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CCE staff and partner reflections on our collaborative work to create schools where learning is engaging and rewarding, and every student is set up for success.

A Reflection on Boston Green Academy GreenTalks

During the third annual GreenTalks at Boston Green Academy, I was able to observe a showcase of skills presented by a group of talented 10th grade students. It was an opportunity to recognize the work that these students had been producing over the last few months. The end result included a multi-faceted presentation that was displayed in front of an audience of peers, teachers, and community members. Performance assessments allow for students to excel in innovative learning. Upon further reflection on this experience and my summer at Center for Collaborative Education, I have been able to look back at my own educational journey in public schools in a new light. 

Each of the student presenters showed an immense interest in their own work. Many of the presentations included personal stories or experiences as well as rich qualitative data. Students mapped out food resources close to their houses and were able to reflect upon the disparity of nutritional food options in low socioeconomic neighborhoods. Also, student presenters surveyed their classmates on their food preferences and the accessibility of healthy food in their living environments. Many of the students included amusing content such as memes to engage their audience. It seemed as if the peer evaluations following presentations gave the students an additional sense of pride and accomplishment. They were not only able to formulate a well thought out presentation, but demonstrate their public speaking skills in front of their classmates. The multi-faceted aspect of performance assessments left me impressed by how many skills the students were able to acquire and apply. Rather than the one-dimensional projects and tests I completed in high school, their presentations had depth and consideration of real-world issues.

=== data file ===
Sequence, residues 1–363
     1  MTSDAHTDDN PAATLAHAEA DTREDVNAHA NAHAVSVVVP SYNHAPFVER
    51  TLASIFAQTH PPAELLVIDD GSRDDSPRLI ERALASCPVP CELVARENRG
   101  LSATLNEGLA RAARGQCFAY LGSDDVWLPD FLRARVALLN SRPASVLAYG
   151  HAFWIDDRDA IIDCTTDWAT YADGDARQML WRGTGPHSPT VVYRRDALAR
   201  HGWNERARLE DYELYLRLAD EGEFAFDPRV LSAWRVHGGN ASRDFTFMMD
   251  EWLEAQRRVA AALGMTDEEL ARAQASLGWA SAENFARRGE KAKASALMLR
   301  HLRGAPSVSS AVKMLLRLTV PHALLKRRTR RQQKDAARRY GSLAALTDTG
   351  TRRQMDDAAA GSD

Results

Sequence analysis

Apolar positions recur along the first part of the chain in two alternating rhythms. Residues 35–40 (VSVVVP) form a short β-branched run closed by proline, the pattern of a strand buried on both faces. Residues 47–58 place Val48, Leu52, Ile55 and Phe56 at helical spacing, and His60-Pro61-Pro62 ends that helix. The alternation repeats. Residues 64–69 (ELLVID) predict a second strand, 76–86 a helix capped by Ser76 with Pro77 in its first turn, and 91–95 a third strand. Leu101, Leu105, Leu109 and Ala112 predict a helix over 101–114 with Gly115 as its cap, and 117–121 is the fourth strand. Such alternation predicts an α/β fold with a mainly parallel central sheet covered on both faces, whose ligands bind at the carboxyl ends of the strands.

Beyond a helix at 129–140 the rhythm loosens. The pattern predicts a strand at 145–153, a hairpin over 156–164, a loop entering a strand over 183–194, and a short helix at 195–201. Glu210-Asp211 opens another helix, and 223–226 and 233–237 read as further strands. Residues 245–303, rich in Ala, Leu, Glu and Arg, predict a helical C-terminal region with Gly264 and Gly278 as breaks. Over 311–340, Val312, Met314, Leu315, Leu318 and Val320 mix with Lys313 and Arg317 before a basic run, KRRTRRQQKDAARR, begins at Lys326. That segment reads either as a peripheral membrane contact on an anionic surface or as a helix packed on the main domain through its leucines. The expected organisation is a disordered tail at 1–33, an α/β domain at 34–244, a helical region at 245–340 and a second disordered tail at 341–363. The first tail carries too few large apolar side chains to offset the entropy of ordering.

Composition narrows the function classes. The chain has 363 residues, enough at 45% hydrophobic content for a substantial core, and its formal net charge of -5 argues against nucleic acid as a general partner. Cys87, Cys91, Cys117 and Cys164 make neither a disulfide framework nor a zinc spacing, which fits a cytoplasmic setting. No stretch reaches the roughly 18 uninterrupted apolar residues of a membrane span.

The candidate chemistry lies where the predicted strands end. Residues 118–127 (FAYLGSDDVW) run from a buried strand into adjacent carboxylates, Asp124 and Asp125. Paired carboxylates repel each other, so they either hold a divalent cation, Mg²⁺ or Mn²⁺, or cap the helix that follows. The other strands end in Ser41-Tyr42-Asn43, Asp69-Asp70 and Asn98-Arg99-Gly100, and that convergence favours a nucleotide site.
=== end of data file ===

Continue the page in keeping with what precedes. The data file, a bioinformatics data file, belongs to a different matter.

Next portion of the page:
When asked if students enjoy performance assessments over traditional testing methods, one student replied, “I’d rather do this because it’s more fun. It’s easier because you have a lot of people doing the same thing and you can get more help.” Students were given structured instructions on a broad subject; however, they were allowed the freedom to creatively think about their subject. Since collaboration and peer learning were encouraged, students were able to develop and articulate these ideas to others in order to critically reflect. Two students researched together and both stated the importance of governmental assistance in supplying subsidies on accessible foods that are nutritious in their presentations. They developed different methods of achieving this goal, but were able to formulate problems within a system together. This form of peer education gives more opportunity for students to learn from and teach one another.

My educational setting did not seem to emphasize intersectionality and identity as much as GreenTalks. Whenever I was required to complete an assignment, it was focused on one topic and did not include the need to critically assess how multiple factors might relate. The multi-subject project allows for students to learn with more of an interdisciplinary focus. The skills that the students are learning at Boston Green Academy prepare them with the tools they need to excel. Students must be able to think of their subject within a local and global context. This type of culturally responsive assessment gives students agency to create a product that reflects their interests. By researching a topic that includes their own personal narratives, students at Boston Green Academy are empowered to develop their own ideas and solutions for issues that are relevant to their daily lives.

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